Recent Periodical Literature: by Viktor Naumovski
This article details an experiment that quantified and compared the concentrations of cannabis and cocaine in hair strands following thermal straightening. Past research has shown that treatments such as bleaching, dyeing and perming have the ability to lower the concentration of drugs being found within hair samples. Thermal straightening of hair has been examined and shown to cause radial and axial cracking as well as scale edge fusion due to examination under an electron microscope. This study focused on the effect thermal straightening would have on cocaine and THC content found in hair. To test this positive hair specimens were obtained, 17 positive for cannabis and 7 positive for cocaine, and samples were split into two groups so one could be treated in vitro with a curling iron. Samples were analyzed in triplicates by cleaning the hair samples then pulverizing them and performing a solid phase extraction, after which GC-MS was used to determine the concentrations of the positive hair samples.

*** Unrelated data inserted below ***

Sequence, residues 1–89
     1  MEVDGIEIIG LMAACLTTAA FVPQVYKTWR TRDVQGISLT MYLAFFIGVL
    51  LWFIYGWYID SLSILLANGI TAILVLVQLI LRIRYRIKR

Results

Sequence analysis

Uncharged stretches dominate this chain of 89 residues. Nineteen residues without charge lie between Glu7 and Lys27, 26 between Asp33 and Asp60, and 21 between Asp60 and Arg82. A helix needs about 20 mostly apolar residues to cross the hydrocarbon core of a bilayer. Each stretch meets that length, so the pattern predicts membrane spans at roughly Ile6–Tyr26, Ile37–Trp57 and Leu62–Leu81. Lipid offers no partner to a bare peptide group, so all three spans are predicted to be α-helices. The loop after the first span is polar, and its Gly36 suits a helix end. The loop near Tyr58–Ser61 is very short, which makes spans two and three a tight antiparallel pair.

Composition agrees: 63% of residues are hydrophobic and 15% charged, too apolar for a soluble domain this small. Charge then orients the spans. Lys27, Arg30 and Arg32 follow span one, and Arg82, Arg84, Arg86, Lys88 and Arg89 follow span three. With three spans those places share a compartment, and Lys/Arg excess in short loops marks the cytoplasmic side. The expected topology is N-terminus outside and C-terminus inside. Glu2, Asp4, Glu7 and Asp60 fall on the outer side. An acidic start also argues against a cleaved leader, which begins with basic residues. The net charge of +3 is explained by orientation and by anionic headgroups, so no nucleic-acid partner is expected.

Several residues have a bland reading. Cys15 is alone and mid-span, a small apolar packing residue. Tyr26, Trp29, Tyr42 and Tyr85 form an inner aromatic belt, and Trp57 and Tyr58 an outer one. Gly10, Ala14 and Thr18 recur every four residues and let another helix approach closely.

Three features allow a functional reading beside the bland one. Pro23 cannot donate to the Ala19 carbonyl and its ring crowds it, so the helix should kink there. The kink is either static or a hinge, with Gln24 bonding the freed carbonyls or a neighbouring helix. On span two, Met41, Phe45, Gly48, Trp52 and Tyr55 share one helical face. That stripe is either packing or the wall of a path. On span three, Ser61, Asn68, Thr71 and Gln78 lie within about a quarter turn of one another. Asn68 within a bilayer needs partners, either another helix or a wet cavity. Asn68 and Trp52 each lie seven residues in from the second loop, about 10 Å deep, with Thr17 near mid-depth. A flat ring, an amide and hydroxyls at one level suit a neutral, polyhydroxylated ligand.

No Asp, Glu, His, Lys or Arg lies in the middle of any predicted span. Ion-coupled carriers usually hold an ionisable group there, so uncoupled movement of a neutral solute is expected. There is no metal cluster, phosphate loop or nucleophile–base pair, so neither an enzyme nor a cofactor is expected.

From a comparison of the cannabis content in hair, there was a median decrease of 10.1%, while 11 of the 17 samples showed a decrease in THC content that ranged from 3% to 100%, while the remaining 6 cases showed an increase ranging from 4.6% to 67.2%. For CBN 15 samples (2 were negative originally) showed a significant increase after the straightening, with the ranges consisting of 72% to 751%. Hair color also seemed to have an effect on the concentration of THC, as only darker hair had higher concentrations. The 7 samples of cocaine positive hair all showed a decrease, with the median being a decrease of 75.4%, from 44.6% to a complete loss of cocaine concentration. Concentrations of BZE were all found to be higher in the treated hair, ranging from 3.3 to 48.2% increase, which is a metabolite of cocaine so it suggests consumption occurred. While the results of the THC levels weren’t completely as expected, overall hair straightening has to potential to cause faster metabolism of both cannabis and cocaine in hair and should be documented if it occurred prior to hair analysis, and people should be informed beforehand not to use a thermal straightener for the analysis to be considered accurate.
Ettlinger, Jana, and Michel Yegles. “Influence of Thermal Hair Straightening on Cannabis and Cocaine Content in Hair.” Forensic Science International 265 (2016): 13-16. Web. doi:10.1016/j.forsciint.2016.01.002